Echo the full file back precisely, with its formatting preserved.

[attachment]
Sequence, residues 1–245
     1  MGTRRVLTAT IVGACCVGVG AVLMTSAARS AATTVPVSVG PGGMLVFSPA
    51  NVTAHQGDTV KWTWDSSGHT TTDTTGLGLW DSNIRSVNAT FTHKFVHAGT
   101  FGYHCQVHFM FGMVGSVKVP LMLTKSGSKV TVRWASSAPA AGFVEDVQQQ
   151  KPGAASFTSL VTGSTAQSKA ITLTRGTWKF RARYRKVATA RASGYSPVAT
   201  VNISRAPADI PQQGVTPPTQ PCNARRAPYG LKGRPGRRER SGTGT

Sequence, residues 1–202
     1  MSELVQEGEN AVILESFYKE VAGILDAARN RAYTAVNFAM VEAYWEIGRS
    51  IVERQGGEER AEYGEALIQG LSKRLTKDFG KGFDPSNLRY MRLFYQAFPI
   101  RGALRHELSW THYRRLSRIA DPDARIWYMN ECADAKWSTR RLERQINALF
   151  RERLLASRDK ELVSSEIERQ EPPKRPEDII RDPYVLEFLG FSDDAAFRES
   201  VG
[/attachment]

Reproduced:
Sequence, residues 1–245
     1  MGTRRVLTAT IVGACCVGVG AVLMTSAARS AATTVPVSVG PGGMLVFSPA
    51  NVTAHQGDTV KWTWDSSGHT TTDTTGLGLW DSNIRSVNAT FTHKFVHAGT
   101  FGYHCQVHFM FGMVGSVKVP LMLTKSGSKV TVRWASSAPA AGFVEDVQQQ
   151  KPGAASFTSL VTGSTAQSKA ITLTRGTWKF RARYRKVATA RASGYSPVAT
   201  VNISRAPADI PQQGVTPPTQ PCNARRAPYG LKGRPGRRER SGTGT

Sequence, residues 1–202
     1  MSELVQEGEN AVILESFYKE VAGILDAARN RAYTAVNFAM VEAYWEIGRS
    51  IVERQGGEER AEYGEALIQG LSKRLTKDFG KGFDPSNLRY MRLFYQAFPI
   101  RGALRHELSW THYRRLSRIA DPDARIWYMN ECADAKWSTR RLERQINALF
   151  RERLLASRDK ELVSSEIERQ EPPKRPEDII RDPYVLEFLG FSDDAAFRES
   201  VG